Cal Football: Cal Might Call Itself Quarterback U. -- If You Go Back to 2000

Jake Curtis

Sports Illustrated cruched a bunch of numbers to decide which college could call itself Quarterback U. Although Cal did not make the top-10 if the data went back just 10 years, the Golden Bears came up as the No. 2 school for quarterbacks over the past 20 years.

This was based on how quarterbacks from each school did in the NFL.

(Click here for whether Cal can call itself Running Back U.)

For quarterbacks, Oklahoma came out on top in the 10-year data cruching shown here:

1. Oklahoma, 28 points

2. Florida State, 20

3(tie). Auburn, 17

3(tie). Louisville, 17

5(tie). Texas A&M, 14

5(tie). USC, 14

7(tie). Baylor, 12

7(tie). N.. State, 12

7(tie). Texas Tech, 12

10(tie). Missouri, 11

10(tie). Oklahoma State, 11

10(tie). Stanford, 11


But in the unofficial 20-year span for quarterbacks, Cal come out second behind only USC.

1. USC, 47 points

2. Cal, 36

3. Michigan, 34

4(tie). Louisville, 28

4(tie). Oklahoma, 28

6. Oregon, 27

7(tie). Auburn, 25

7(tie). Florida State, 25

9. N.C. State, 23

10. Boston College, 20


Sports Illustrated explained Cal's rise to the No. 2 spot in Quarterback U. in the 20-year span this way:

Cal's standing would be carried by Aaron Rodgers and helped along by Jared Goff and Kyle Boller (a first-round disappointment, but one who still made 47 career starts). 

All three were first-round NFL draft choices -- Boller was the 19th overall pick (Ravens) in 2003, Rodgers (pictured below) was the 24th overall selection (Packers) in 2005, and Goff was the first overal pick (Rams) in 2016. Also former Cal quarterback Davis Webb was taken in the third round of the 2017 NFL draft by the Giants. 

Boller started 47 NFL games, Goff has started 54 games, and Rodgers has started 174 games. Rodgers was also the league MVP in 2011 and 2014, which also counts in the SI point system. Davis has not started any NFL games, but he might some day.

aaron rodgers
Photo by Kirby lee - USA TODAY Sports

It's possible Cal's standing in this kind of ranking system might rise further if current Cal quarterback Chase Garbers becomes a pro quarterback. That does not sound impossible after seeing the improvement he made from his redshirt freshman season to his redshirt sophomore season.

Here is a video of Garbers during Cal's abbreviated spring workouts, discussing the Bears' new offense:

So what was the the basis of SI's ranking system? Here is how Sports Illustrated explained its methodology:

We came up with a scoring system that balanced not just the quantity of players programs put into the NFL, but the quality of those players' careers. One measure we used is draft position—an inexact but still relevant measure of a player's approximate value when he left college. We credited players for career games started. But rather than assigning a point value to every game started, which would weigh too heavily in favor of older players, we lessened that effect by using ranges.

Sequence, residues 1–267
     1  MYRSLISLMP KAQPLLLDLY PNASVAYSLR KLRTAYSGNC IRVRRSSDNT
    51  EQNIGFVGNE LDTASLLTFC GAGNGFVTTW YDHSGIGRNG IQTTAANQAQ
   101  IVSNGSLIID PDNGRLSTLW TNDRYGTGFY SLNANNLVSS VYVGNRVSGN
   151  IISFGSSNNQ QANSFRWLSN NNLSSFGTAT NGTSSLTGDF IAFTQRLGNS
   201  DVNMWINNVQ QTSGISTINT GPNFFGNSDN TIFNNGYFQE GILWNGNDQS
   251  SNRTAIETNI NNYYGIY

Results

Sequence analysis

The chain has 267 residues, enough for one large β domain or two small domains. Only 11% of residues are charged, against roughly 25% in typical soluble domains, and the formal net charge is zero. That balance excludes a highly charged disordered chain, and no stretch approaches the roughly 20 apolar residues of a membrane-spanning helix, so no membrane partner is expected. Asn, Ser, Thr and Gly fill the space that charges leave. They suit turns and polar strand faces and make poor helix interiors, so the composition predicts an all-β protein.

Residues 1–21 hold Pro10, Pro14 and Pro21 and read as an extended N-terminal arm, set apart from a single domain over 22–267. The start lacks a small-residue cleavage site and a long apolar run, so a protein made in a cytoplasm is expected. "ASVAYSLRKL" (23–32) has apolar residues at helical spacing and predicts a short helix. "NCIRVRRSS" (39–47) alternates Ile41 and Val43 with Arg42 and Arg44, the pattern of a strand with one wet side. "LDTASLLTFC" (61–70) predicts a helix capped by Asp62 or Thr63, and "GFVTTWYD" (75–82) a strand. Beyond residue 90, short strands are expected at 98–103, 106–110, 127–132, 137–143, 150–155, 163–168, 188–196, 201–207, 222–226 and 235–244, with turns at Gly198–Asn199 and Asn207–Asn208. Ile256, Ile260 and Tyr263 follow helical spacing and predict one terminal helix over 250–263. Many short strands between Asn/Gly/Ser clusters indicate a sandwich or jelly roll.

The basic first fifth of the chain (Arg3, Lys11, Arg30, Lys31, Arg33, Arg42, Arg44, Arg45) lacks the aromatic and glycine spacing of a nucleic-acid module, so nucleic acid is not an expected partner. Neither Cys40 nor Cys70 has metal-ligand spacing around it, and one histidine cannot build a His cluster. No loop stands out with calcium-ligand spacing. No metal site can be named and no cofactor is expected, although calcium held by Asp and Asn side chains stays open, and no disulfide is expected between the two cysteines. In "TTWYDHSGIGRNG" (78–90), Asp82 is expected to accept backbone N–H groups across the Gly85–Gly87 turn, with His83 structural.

We also awarded points for the highest achievements (MVP, and for non-quarterbacks, Offensive/Defensive Player of the Year and All-Pro) and awarded a smaller amount of credit for Rookie of the Year, an indication of a player's preparedness when entering the league. (We made the decision to exclude the Pro Bowl. Between fan voting and the league's need to dig deep into the pool of alternates with so many players dropping out annually, there's been a reduction in the legitimacy of that achievement.)

For all positions in this series, scoring is based on alumni who entered the NFL between 2010 and 2019 and were either (1) drafted or (2) undrafted but appeared in at least one game. Players who transferred during their college careers are counted only as part of the last program they played for. Players are only credited for the position at which they were drafted. Our full scoring system is at the bottom of this article.

SI Scoring Sytem


Top 10: 4 points

Round 1 (non-top 10): 3 points

Rounds 2-3: 2 points

Rounds 4-7: 1 point

Undrafted: 0 points



80-plus: 5 points

48 to 79: 4 points

16 to 47: 3 points

5 to 15: 2 points

1 to 4: 1 point



Offensive Player of the Year: 4 points

Comments (2)
No. 1-1

Go back a little further to the mid-1970’s and you’ve got a remarkable trio in Steve Bartkowski, Vince Ferragamo, and immortal-in-our-hearts Joe Roth.

1 Reply


Yep. I saw all three play when I was a kid. Roth would have been a perennial all pro in the NFL.